I'm halfway through my tenure as a Lion Den Leader.  I've tried very hard to simplify everything from our calendar to the advancement requirements, but I've learned I've got about 10 minutes of "instruction time" before our den meetings need to give way to fun and games. 

    We probably have about 10 minutes of "instruction time" too. Some weeks as much as 15-20, maybe, but not all at once.  Fun and games are how kids engage at this age and besides gamifying the lessons outlined for the adventure, games are one of the best ways for learning the skills of listening, understanding, and following rules, and provide opportunities to work on emotional regulation when the game doesn't go the way they want.  And kindness when it DOES go how they want and someone else is the one upset.  And, of course, training in cleaning up after themselves.  Don't fight the fun and games - just make it work for you instead of against! 

    We have one 1st grader meeting with us, so we're using the mixed lion/tiger plans here https://www.southfultonscouting.com/node/4851 but that website seems like a wealth of information for thinking outside the box in general.  Since our plans have to include all the requirements for both ranks, they really look closely at what the requirements actually say vs what is in the suggested meeting plan in the leader guide.  One example: the leader guide has a full on first aid lesson as one requirement of Animal Kingdom when the requirement is "show you know what to do in an emergency".  It says nothing at all about proving first aid.  The plan we're using reinterprets that as making a list of numbers of people to call in an emergency, what to do if the smoke alarm goes off, etc, and a quick "911 or not?" quiz.  Still fulfills the requirement.

    If the meetings are sapping your energy/enthusiasm, it sounds like you need to draw on some energy from other parents.  We rotate which parent leads the meeting each week, but if you think that's too much to ask, maybe you could enlist one of the more punctual parents to be in charge of an arrival activity every week while you get everything else in place.  Or ask someone to look into short movement-break activities. I know teachers often have a whole tool box of one-minute ideas to get the wiggles out. Maybe it could be someone else's job to direct the kids in some movement during the lull while you pass out supplies for a 2nd seated activity.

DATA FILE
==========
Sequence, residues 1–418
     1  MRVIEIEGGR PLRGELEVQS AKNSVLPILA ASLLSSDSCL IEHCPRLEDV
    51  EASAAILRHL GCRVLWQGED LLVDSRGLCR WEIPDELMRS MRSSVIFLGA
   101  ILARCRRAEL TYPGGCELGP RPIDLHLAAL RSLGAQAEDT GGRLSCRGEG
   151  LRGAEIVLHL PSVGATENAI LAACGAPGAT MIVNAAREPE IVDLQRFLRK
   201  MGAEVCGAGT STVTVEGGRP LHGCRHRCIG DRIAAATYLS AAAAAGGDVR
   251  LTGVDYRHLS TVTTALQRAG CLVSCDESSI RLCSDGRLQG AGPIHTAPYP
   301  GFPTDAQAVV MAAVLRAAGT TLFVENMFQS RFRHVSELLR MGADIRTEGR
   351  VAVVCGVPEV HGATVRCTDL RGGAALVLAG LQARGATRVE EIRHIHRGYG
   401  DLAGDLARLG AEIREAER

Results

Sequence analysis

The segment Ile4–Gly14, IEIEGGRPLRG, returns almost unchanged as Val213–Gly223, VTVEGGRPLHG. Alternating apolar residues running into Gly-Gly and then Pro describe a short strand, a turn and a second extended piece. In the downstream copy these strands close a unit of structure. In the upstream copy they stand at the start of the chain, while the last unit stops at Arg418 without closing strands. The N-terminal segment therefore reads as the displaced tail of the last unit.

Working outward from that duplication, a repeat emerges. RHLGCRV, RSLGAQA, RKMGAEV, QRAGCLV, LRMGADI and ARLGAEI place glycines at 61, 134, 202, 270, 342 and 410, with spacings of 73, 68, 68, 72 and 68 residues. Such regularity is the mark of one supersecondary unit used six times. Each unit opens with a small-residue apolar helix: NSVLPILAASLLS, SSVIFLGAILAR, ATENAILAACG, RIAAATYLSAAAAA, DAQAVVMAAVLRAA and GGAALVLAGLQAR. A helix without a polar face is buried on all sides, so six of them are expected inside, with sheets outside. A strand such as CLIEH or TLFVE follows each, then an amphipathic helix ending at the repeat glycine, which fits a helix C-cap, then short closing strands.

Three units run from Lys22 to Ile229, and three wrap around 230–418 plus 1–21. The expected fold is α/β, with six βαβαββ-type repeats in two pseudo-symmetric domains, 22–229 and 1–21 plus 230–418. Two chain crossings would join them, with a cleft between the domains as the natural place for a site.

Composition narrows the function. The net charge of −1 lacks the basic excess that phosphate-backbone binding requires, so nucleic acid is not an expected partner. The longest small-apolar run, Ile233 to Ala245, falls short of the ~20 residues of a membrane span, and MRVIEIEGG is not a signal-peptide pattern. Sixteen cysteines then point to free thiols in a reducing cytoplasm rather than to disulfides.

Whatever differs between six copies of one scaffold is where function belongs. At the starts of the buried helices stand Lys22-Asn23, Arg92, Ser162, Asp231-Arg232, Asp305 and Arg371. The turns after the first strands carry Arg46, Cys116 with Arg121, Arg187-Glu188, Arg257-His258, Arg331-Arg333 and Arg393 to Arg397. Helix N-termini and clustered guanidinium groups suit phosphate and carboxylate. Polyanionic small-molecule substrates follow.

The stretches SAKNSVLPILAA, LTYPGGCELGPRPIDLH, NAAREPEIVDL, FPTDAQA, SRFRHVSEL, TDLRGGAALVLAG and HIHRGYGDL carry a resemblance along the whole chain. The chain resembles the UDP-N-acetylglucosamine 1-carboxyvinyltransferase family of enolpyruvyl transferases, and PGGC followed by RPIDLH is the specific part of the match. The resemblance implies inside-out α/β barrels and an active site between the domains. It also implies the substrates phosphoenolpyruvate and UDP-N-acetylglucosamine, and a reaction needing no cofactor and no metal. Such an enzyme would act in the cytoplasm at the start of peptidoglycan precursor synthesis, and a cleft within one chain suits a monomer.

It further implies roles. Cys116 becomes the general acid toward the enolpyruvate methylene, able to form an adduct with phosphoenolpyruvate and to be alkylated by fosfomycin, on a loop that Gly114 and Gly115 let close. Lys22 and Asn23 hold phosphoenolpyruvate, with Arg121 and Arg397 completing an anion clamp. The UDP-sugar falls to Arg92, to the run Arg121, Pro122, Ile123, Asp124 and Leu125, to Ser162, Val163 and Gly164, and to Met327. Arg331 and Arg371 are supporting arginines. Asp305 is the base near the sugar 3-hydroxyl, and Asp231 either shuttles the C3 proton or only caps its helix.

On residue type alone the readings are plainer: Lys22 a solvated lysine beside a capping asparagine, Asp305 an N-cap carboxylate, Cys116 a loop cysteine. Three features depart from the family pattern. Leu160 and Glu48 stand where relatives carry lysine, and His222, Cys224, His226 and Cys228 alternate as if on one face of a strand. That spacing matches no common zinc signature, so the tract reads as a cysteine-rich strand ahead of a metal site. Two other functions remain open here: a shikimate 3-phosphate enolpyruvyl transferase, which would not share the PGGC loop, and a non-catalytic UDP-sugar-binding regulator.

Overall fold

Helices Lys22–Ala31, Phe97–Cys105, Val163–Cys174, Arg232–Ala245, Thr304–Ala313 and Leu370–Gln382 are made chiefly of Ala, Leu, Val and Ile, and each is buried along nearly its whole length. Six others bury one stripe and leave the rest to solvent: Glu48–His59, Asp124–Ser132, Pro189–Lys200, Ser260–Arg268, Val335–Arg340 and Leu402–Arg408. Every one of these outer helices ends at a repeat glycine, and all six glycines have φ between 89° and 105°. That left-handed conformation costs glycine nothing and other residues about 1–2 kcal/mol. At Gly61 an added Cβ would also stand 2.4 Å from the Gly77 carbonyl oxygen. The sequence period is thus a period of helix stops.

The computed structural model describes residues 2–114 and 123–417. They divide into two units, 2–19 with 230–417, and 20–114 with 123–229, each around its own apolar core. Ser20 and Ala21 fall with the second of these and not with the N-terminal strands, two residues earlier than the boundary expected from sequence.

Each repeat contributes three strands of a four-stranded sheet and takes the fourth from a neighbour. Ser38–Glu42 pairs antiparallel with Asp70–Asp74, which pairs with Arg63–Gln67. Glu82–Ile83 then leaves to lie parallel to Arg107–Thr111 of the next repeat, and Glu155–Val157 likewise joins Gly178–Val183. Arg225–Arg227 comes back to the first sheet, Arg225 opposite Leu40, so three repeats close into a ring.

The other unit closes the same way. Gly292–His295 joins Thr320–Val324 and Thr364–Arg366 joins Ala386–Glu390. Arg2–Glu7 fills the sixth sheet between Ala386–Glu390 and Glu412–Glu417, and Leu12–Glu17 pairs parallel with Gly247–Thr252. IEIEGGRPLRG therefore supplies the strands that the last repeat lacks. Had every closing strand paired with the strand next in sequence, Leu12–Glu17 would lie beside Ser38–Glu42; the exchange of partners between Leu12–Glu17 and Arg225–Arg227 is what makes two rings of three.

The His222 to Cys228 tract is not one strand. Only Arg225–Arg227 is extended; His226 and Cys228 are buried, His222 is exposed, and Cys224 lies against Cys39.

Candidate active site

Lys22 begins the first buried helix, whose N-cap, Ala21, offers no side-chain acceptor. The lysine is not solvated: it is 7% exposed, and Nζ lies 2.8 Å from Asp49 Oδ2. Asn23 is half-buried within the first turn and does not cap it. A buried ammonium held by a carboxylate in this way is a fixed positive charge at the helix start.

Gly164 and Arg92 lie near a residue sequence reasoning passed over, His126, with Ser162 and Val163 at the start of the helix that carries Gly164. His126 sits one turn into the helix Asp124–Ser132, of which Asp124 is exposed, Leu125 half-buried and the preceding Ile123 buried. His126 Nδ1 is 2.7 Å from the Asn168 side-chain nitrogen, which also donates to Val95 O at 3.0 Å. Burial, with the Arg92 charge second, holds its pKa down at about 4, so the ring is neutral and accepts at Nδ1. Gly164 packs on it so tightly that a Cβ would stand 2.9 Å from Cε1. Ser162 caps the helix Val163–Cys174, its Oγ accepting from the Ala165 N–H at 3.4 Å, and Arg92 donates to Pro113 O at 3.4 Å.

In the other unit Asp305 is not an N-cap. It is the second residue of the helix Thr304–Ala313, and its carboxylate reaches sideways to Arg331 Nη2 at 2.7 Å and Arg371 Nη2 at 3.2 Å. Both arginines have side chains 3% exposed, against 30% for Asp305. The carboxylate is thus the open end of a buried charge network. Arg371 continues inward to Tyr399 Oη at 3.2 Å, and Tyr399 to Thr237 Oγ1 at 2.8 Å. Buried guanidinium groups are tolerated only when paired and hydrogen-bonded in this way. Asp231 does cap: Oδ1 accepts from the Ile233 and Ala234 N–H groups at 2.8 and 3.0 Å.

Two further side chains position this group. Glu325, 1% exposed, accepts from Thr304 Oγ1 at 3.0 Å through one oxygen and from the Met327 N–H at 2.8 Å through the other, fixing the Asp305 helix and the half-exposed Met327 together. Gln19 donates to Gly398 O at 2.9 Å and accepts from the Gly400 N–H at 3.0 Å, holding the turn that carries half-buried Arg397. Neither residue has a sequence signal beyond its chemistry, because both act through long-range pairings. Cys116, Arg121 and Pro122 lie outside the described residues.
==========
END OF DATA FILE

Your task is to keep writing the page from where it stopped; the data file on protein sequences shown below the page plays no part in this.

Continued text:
Last year's lion den never got off the ground, so I know it's not always possible, but a healthy Lion den, run with shared leadership as it was designed, is a truly beautiful thing and one of the best ways to cultivate future pack leadership.

    • Upvote 2
  22. We currently have 6 lions and 1 tiger in our combined den - having lost the one kid from each rank who registered online over the summer, but gaining several more around Halloween.  I'm thinking that families need a month or two to settle into school before thinking about adding something else.

    I'm the perpetual den leader of record for the new dens since even if you had a parent agree to lead on day 1, getting them registered and trained takes time.  Telling the parents that once or twice over the course of the year they'll be expected to present the meeting using one of our lesson plans has been an easy sell. Hopefuly at the end of the year one will be ready to take on more. I don't know why they dropped the "Lion Guide" position that the pilot program had instead of a normal den leader role  That's really the way this program works best.

  23. 7 hours ago, malraux said:

    Two deep now requires two registered leaders both over aged 21, and because many dens are going coed, one of those leaders needs to be female.

    I understand their need to protect the organization from future liability, but I STRONGLY believe that there should be an exception to these rules for activities where every child has a parent present.  There's no logical reason why a lion den meeting needs to have two registered adults present, or why one of them should have to be female if there are girls, when we are already requiring that their parent partner attends with them.   And things like popcorn both sales should be able to have two scouts working it with their own parents there supervising, even if the parent isn't registered.

  • Create New...